4B. Share all services: No more of this pilot program garbage. Move everything to the county level and let the chips fall where they may. Standardizing everything from vehicle fleets to uniforms to police weapon loadouts to office supply purchasing will create savings and economies of scale.

4C. Eliminate local school Superintendents: One school board member holds a rotational assignment to the County Board of Education. If you really want to up the fun factor here, designate a seat as opposed to a person and the candidate for the seat gets this assignment as a condition of election.

4D. Move to county police: See 4A and 4B. Camden County seems to have done this in a halfway decent fashion aside from the persistent rumors that Camden City is not paying its share of the total expenses, which should come as a shock to nobody if true.

4E. Contract out the nonessentials: The hardline take here is to only call law enforcement, medical response, and fire suppression essential. Ask if it can be done by contractors, then explain to the crooked unions that we need to avoid becoming California. The good times are gone; we just need to make that abundantly clear.

5.Nothing is off the table: The entire New Jersey Administrative Code is up for grabs. Our desired candidate should approach our problems from a blank slate. Every single statute and every single method of revenue collection and revenue expenditure is up for discussion, end of story. The statute or revenue mechanism should be balanced against asking whether or not the statute or mechanism in its current form is both beneficial to the citizen and if it increases the size and scope of the state government. Does it need to be repealed outright or is it just in need of modernization? Not unlike the CIA hunting terrorists, we need to find, fix, and finish these problems.

6.Public employment reform: I might catch some heat for this, but I’m not opposed to holding multiple part-time public jobs, or a single full-time and a single part-time. (Full disclosure: I’m a Federal employee and I adjunct for a county college. Not at the same level of government, granted, but integrity first.) Where I draw the line and where the taxpayers should draw the line is when multiple suites of benefits at the same level of government are involved. Pick one set of benefits so as not to duplicate costs. Shore News Network recently ran a clickbait piece that talked about a single Assemblyman holding 21 public positions. Um, not so much. The politician in question is an attorney whose firm won bids on municipal legal services contracts. I’d rather have that system than every little town, borough, and village having a bloated legal department eating up salary, benefits, and overhead. Municipal court reform has been debated since the early 1970’s according to this 2018 Asbury Park Press watchdog piece: again, why hasn’t New Jersey moved to take an action that would benefit the citizenry? Oh, right, there’s the high caste in Jersey: well-connected public employees, then illegals, then the lowly third-tier ordinary citizens.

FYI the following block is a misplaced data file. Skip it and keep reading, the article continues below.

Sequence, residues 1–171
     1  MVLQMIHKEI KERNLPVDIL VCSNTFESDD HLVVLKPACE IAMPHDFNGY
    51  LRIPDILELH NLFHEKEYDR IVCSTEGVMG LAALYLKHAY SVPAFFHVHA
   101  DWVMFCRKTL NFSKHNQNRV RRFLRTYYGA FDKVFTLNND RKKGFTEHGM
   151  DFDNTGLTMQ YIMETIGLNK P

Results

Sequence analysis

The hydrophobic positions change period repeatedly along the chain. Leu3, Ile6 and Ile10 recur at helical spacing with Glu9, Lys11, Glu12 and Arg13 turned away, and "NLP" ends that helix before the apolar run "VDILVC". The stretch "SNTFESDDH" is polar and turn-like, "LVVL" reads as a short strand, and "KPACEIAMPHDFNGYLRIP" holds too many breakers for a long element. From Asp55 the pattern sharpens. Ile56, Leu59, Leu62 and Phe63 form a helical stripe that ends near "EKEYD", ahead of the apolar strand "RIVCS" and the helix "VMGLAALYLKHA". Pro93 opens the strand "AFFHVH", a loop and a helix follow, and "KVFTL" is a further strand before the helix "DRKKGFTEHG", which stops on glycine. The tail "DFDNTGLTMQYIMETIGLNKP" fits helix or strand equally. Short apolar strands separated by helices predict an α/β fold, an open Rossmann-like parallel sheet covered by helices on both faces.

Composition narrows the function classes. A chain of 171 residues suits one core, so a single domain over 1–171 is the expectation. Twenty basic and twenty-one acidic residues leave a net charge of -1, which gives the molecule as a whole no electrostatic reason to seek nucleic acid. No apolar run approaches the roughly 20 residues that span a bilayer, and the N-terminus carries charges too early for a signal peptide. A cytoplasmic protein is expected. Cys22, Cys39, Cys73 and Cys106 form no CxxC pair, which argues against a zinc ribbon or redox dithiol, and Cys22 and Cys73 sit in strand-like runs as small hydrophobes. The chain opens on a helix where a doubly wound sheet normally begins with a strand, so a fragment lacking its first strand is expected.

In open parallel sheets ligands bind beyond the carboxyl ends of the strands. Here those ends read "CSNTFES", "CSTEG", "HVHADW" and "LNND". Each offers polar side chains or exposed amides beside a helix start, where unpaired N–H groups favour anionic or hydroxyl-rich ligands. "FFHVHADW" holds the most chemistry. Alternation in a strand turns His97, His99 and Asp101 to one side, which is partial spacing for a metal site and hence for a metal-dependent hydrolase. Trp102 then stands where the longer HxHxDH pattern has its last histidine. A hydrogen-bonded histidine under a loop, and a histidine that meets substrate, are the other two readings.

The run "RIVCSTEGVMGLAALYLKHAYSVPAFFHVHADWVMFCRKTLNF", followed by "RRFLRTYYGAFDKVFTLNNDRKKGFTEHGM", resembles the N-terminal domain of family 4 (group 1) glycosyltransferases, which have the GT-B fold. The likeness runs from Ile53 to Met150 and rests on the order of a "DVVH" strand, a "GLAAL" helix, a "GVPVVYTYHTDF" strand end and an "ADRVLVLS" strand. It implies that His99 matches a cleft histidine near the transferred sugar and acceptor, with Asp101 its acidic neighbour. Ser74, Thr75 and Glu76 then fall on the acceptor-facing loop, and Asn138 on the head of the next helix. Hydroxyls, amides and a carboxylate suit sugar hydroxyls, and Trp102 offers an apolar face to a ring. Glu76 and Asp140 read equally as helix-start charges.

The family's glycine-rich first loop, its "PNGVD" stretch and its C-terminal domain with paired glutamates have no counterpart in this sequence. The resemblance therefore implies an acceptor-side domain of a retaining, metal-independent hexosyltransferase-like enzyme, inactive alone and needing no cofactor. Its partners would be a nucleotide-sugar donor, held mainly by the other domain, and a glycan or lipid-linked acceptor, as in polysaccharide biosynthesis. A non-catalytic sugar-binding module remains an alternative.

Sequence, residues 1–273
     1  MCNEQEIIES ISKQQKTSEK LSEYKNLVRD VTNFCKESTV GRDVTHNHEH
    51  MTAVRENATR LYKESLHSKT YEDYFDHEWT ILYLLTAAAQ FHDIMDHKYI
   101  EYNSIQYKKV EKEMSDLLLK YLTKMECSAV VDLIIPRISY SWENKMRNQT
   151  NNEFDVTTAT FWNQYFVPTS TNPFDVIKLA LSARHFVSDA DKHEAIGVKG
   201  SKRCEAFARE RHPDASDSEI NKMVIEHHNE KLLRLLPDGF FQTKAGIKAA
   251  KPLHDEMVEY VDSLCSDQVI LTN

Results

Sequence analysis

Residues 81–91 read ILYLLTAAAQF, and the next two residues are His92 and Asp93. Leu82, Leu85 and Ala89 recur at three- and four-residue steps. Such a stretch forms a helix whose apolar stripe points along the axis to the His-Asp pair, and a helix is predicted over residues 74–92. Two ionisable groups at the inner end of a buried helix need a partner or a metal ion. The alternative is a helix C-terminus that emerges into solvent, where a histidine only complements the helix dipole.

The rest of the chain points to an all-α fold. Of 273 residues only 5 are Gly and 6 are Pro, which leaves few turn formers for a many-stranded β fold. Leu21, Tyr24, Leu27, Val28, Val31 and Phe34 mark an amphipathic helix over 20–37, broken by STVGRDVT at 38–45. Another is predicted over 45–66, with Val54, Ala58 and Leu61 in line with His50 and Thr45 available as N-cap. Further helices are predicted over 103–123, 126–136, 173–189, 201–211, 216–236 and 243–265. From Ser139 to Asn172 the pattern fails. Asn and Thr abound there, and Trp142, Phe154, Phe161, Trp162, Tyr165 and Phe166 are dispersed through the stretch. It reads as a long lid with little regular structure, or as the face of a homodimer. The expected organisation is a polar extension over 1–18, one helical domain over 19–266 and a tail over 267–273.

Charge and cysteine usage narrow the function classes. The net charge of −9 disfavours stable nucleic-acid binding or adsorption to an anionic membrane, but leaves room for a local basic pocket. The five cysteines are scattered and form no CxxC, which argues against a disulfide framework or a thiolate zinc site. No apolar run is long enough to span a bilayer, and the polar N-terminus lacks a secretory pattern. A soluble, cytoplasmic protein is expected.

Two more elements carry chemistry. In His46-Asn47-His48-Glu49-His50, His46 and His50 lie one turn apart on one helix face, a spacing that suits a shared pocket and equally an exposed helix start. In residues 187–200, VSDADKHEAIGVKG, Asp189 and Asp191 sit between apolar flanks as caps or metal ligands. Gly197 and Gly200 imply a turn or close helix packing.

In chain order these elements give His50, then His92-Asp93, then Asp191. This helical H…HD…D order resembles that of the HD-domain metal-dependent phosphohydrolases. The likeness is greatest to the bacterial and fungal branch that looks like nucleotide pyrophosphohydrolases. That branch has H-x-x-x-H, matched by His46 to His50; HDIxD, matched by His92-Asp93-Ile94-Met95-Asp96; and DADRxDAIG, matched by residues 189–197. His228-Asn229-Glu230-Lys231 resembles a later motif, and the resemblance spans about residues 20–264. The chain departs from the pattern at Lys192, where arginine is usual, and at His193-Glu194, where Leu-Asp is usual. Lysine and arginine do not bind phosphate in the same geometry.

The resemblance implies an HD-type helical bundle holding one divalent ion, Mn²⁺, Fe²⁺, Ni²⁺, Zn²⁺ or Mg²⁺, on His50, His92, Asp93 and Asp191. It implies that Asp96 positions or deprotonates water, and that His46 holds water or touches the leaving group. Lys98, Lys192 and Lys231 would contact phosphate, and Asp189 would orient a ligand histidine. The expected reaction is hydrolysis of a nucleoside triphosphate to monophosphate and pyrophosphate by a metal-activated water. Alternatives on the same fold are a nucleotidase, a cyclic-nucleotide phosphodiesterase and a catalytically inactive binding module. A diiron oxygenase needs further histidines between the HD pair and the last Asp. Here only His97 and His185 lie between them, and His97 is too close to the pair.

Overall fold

7.Revoke sanctuary status: In our new Jersey alternate universe, all 21 counties would have 287(g) agreements, and there would be not a single accommodation in any way, shape, or form for anyone here illegally. Did anyone else happen to notice that President Trump’s policies on immigration had the greatest benefit to minorities? Did those unemployment numbers come from nowhere? Nope. Democrats claim to be the party of the little guy and the victimized minority – funny how their ideas do the exact opposite in practice.

Bill Maher recently cautioned the mainstream media by saying, “Trump calls you fake news. Don’t make him be right.” We as New Jerseyans are indeed every bit the knuckleheads Murphy says we are if we let this crisis go to waste. Don’t make him be right.

Mike Holovacs is a concerned, angry deplorable that is already planning his exit from New Jersey despite needing to stay here for roughly another sixteen years. His hobbies include writing, volunteering, and finding reasons not to mow his lawn.